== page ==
Creating a standard for yourself and your team allows you to say no to distractions and things that won’t get you to where you need to go. Bezos finishes his letter with “A culture of high standards is protective of all the “invisible” but crucial work that goes on in a company”.
To build the standards that will take you where you want to go you need to:
1. Set the bar for a goal that seems just out of reach given your current skill set but you know that others have achieved before
2. Ask yourself what would a person or company who has achieved this goal do on a regular basis
3. Set a written standard so that your own actions mimic the behaviours that this person or company used to get to where they are
Everyone is competing for a piece of your attention, high standards stop you from being pulled on the wrong path. The trick here is to constantly monitor these standards to see if they will harm you or help you.
Tool 3: Focus on what you can control
Phil Jackson, the 11-time championship-winning NBA coach has said that players need to focus on what they need to do and master the art of letting go. Neal echos this in her thoughts about how you control your own path to success.
“Fear comes from a lack of preparation. Most of us are trying to respond to things that aren’t our job and as a result, we add too many things to our plate. If we focus on doing our job the rest becomes easier,” said Neal.
An Olympian has little choice but to focus on being their best at their job otherwise they’ll be dropped for someone else who can do just that. The same goes for us as individuals when running our own lives, careers, and companies. If we focus on being the best we can be at the task at hand we can ignore the rest of the noise.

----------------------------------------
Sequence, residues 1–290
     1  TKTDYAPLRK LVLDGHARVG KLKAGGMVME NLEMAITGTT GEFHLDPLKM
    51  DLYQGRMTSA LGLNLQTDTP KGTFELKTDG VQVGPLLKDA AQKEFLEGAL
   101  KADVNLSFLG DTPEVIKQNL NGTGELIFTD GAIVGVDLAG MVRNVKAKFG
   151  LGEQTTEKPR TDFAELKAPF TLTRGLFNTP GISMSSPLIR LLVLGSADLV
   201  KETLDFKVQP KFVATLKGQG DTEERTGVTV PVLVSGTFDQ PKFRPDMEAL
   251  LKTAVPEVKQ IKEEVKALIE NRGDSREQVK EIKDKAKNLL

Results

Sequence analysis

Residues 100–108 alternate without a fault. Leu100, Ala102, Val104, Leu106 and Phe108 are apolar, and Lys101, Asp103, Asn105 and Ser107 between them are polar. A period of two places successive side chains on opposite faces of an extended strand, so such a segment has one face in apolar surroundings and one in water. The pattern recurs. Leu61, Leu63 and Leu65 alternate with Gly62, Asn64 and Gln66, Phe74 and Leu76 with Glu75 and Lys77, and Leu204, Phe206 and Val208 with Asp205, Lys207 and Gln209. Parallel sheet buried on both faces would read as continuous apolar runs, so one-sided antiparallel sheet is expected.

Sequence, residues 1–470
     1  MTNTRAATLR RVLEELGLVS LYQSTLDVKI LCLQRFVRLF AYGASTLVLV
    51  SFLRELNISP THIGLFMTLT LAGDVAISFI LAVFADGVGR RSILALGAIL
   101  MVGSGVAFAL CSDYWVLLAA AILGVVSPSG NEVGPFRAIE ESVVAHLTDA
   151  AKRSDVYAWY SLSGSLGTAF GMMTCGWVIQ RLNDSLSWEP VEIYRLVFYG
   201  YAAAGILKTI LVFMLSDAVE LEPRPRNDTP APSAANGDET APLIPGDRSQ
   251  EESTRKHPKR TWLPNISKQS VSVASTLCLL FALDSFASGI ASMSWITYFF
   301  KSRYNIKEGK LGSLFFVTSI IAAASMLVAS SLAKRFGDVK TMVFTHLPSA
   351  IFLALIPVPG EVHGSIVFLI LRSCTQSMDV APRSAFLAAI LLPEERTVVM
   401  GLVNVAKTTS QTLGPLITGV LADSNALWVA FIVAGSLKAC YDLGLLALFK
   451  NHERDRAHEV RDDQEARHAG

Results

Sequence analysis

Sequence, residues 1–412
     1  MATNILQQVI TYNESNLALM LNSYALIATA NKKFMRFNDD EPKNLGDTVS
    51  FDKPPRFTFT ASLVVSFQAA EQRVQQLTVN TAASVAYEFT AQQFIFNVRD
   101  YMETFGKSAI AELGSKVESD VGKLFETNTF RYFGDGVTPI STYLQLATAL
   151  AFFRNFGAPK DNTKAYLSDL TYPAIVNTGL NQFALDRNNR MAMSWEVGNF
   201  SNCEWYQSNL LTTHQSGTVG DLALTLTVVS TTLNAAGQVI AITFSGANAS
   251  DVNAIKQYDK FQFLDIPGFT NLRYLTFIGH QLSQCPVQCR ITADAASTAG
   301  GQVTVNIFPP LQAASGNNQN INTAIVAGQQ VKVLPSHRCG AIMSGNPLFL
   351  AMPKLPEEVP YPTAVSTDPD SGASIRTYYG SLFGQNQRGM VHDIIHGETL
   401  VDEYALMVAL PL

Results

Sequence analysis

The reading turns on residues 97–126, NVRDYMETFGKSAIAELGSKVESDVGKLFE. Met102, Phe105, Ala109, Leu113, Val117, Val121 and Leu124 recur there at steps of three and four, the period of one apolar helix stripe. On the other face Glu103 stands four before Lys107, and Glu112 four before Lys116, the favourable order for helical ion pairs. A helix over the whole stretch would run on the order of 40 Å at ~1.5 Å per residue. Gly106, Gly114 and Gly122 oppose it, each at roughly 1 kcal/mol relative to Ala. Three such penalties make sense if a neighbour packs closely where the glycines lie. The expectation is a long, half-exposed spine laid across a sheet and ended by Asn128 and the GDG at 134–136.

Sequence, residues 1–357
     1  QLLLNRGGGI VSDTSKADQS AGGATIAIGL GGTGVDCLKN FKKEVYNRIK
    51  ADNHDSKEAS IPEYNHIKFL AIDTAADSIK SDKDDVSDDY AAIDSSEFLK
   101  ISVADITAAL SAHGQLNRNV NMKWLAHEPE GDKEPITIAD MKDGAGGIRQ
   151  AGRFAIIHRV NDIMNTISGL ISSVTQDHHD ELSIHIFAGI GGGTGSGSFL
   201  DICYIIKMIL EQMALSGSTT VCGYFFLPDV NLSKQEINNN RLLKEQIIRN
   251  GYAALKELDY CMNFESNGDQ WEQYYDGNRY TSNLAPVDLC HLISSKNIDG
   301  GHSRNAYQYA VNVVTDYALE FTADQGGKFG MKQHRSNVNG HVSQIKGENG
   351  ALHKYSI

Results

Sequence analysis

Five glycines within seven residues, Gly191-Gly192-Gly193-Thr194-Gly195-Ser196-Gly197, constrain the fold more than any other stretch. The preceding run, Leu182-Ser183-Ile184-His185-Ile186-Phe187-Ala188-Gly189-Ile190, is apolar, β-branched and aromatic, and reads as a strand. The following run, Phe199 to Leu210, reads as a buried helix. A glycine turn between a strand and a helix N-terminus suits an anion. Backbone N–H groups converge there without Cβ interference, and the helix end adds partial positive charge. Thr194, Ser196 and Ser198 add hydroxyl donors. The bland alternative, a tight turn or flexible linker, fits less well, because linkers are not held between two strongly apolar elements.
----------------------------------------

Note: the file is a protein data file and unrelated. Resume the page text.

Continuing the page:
In a world where everyone is incentivised to pull you away from the path, you are trying to build for yourself focusing on what you can control is a superpower. If you’re distracted by the latest news article, breaking fashion trend, or detailed drama of a friend you’ll divert your attention from what matters most.
To do this you need to:
1. Write down a list of what you can truly control and list these out (your emotions, your time, and your actions)
2. Understand that anything that falls outside of those buckets needs to be placed in another category called “outside of your control”.
3. When you’re stressed look at the factors surrounding the issues you’re facing and take action by looking at what you do have in your control
The best athletes and business owners are masters of dictating what they do with their time and saying no to external events they have no control over. We can be the same.
Jeffrey Pfeffer has said you can’t be normal and expect abnormal returns. The same is true for the tactics shared by Neal in this article, most people won’t make these changes but those who do will live a life different from most.
If you want to learn more about Brooke you can find her work over at All About Balance or just google “Brooke Neal”. You find here work where she is helping hundreds of female athletes achieve the incredible outcomes she has and in her words, “To be who I needed when I was younger”.